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Author Topic: Free Ubuntu pocket guide available for download  (Read 4849 times)

40hz

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Free Ubuntu pocket guide available for download
« on: January 26, 2009, 11:37:42 PM »
This 170-page freebie is making the rounds in the Ubuntu community. Download your copy.

Homepage: http://www.ubuntupoc...guide.com/index.html

UBUBOOK.png

From the website:

Quote
The ultimate Ubuntu book!

Ubuntu Pocket Guide and Reference is now available! Written by award-winning author Keir Thomas, Ubuntu Pocket Guide and Reference is a totally unique and concise guide for everyday Ubuntu use.

    * Focuses on core competencies and background knowledge needed to be an expert Ubuntu user;
    * Readable, accessible, and easy to understand—even if you've never used Linux before;
    * 100% new and original! Written from the ground-up to cover Ubuntu 8.04 and 8.10.

***

How to get it

Ubuntu Pocket Guide and Reference is available in print and PDF editions.

    * The Print Edition is available for a recession-busting $9.94 from Amazon.com. Add it to your Amazon order now!
    * The PDF Edition is entirely free of charge and is identical to the print edition. Grab the PDF or click here to tell a friend!

***


* Download location 1 http://download.ubun...pocketguide-v1-1.zip
   
* Download location 2 http://download.ubun...pocketguide-v1-1.zip

Current release: ubuntupocketguide-v1-1.zip
md5sum: 0b4fa10a6f4995b3e2f729454c1462b6
Filesize: 2064348 bytes

 8)


« Last Edit: January 26, 2009, 11:39:38 PM by 40hz »

Deozaan

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Re: Free Ubuntu pocket guide available for download
« Reply #1 on: January 27, 2009, 12:05:16 AM »
I wonder if it meets Ubuntu's requirements of "free."

Thanks for pointing this out. I'll likely be downloading it tomorrow once I get Ubuntu installed on my netbook. :Thmbsup:


40hz

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Re: Free Ubuntu pocket guide available for download
« Reply #2 on: January 27, 2009, 03:10:26 PM »
I wonder if it meets Ubuntu's requirements of "free."

Moot. It's an original copyrighted work that doesn't incorporate anything released under GPL, Copyleft, or other open sharing licenses. The author seemed to strike a happy balance between the two worlds:

"Pay for print - but "E" is free." (Sorry, I just made that up. Couldn't resist. ;D)

And at 170 pages, once you add in the cost of wear and tear on your printer, the cost of paper and ink (or toner), a binder to put it in, and your time to do it - buying the book at $9.95 from Amazon is probably a whole lot cheaper. Not to mention it's a nicer product.

So even if it is copyrighted (with all that implies), it's still a very nice little book.

Can't have everything I guess.

(But that will only upset the zealots. ;))

Ubuntu's "Official Guide" (released under copyleft) is completely free.

You can download that book for free here:

http://www3.vista-se.../24/958328512281.zip

 8)
« Last Edit: January 27, 2009, 03:31:11 PM by 40hz »

bgd77

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Re: Free Ubuntu pocket guide available for download
« Reply #3 on: February 03, 2009, 02:37:15 AM »
Thanks for the books, 40Hz! They'll make an interesting read.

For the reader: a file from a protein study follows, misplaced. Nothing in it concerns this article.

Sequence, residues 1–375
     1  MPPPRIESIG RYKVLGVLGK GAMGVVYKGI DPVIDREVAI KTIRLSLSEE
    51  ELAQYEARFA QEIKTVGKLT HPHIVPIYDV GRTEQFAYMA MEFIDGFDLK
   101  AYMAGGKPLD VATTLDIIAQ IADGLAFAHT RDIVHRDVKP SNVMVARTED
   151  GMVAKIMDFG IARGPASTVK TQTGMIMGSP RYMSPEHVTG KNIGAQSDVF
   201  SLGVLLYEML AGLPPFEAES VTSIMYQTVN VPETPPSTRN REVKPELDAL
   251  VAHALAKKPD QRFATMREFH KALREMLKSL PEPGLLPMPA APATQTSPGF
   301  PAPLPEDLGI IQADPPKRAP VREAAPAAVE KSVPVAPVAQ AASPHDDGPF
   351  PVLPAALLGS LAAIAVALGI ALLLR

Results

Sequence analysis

Paul Keith

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Re: Free Ubuntu pocket guide available for download
« Reply #4 on: February 03, 2009, 04:08:48 AM »
Thanks. Yeah, it's really a moot point. Lots of authors do it this way too except they secretly do it via giving away their e-books on public torrent trackers. Sometimes anonymously. This guy is just being more open about it.

40hz

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Re: Free Ubuntu pocket guide available for download
« Reply #5 on: February 03, 2009, 02:14:20 PM »
Might be the start of a new OSS mantra: "Free" as in "For Download." ;D


Deozaan

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Re: Free Ubuntu pocket guide available for download
« Reply #6 on: February 04, 2009, 11:28:51 PM »
I wonder if it meets Ubuntu's requirements of "free."

Moot. It's an original copyrighted work that doesn't incorporate anything released under GPL, Copyleft, or other open sharing licenses.

Yeah I didn't mean it to be taken seriously. I've just recently been reading up on the philosophy behind Ubuntu and in passing wondered if the book itself shared the same ideals.

In either case, the book was no help to me in getting my network printer set up in Ubuntu. The machine it is connected to is running XP Pro and Ubuntu can't seem to find the SMB or workgroup or anything.


zridling

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Re: Free Ubuntu pocket guide available for download
« Reply #7 on: February 04, 2009, 11:48:00 PM »
Keir Thomas's Tips book is helpful, too. Nice find, 40hz!

40hz

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Re: Free Ubuntu pocket guide available for download
« Reply #8 on: February 05, 2009, 07:11:26 AM »
In either case, the book was no help to me in getting my network printer set up in Ubuntu. The machine it is connected to is running XP Pro and Ubuntu can't seem to find the SMB or workgroup or anything.

I'll assume your printer is already shared under XP, and you've set up the correct workgroup name in your Ubuntu network configuration...so check your firewall settings to see if it's blocking your Tux-box's IP-Address or service request.

« Last Edit: February 05, 2009, 12:41:32 PM by 40hz »

Deozaan

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Re: Free Ubuntu pocket guide available for download